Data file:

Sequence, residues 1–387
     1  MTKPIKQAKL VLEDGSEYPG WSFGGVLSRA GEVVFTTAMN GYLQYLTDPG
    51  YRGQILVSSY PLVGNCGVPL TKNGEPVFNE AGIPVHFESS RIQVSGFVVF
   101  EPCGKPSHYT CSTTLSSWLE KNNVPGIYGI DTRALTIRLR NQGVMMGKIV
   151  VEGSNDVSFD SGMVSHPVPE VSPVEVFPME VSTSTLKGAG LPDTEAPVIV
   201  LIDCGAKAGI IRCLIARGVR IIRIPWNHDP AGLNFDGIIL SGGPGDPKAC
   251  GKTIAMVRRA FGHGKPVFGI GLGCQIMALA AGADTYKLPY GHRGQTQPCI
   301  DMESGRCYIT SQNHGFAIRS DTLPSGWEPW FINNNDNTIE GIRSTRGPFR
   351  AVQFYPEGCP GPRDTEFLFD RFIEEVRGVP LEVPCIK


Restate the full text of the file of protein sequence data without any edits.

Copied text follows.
Sequence, residues 1–387
     1  MTKPIKQAKL VLEDGSEYPG WSFGGVLSRA GEVVFTTAMN GYLQYLTDPG
    51  YRGQILVSSY PLVGNCGVPL TKNGEPVFNE AGIPVHFESS RIQVSGFVVF
   101  EPCGKPSHYT CSTTLSSWLE KNNVPGIYGI DTRALTIRLR NQGVMMGKIV
   151  VEGSNDVSFD SGMVSHPVPE VSPVEVFPME VSTSTLKGAG LPDTEAPVIV
   201  LIDCGAKAGI IRCLIARGVR IIRIPWNHDP AGLNFDGIIL SGGPGDPKAC
   251  GKTIAMVRRA FGHGKPVFGI GLGCQIMALA AGADTYKLPY GHRGQTQPCI
   301  DMESGRCYIT SQNHGFAIRS DTLPSGWEPW FINNNDNTIE GIRSTRGPFR
   351  AVQFYPEGCP GPRDTEFLFD RFIEEVRGVP LEVPCIK